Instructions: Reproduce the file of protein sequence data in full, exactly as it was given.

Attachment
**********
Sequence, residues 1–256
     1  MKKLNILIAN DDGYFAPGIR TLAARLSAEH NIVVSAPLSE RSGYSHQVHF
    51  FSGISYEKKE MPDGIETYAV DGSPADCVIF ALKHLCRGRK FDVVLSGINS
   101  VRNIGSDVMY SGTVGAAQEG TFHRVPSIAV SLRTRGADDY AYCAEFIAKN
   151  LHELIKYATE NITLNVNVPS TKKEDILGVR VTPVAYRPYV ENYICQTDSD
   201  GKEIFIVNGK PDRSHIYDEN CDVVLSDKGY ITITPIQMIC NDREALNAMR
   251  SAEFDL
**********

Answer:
Sequence, residues 1–256
     1  MKKLNILIAN DDGYFAPGIR TLAARLSAEH NIVVSAPLSE RSGYSHQVHF
    51  FSGISYEKKE MPDGIETYAV DGSPADCVIF ALKHLCRGRK FDVVLSGINS
   101  VRNIGSDVMY SGTVGAAQEG TFHRVPSIAV SLRTRGADDY AYCAEFIAKN
   151  LHELIKYATE NITLNVNVPS TKKEDILGVR VTPVAYRPYV ENYICQTDSD
   201  GKEIFIVNGK PDRSHIYDEN CDVVLSDKGY ITITPIQMIC NDREALNAMR
   251  SAEFDL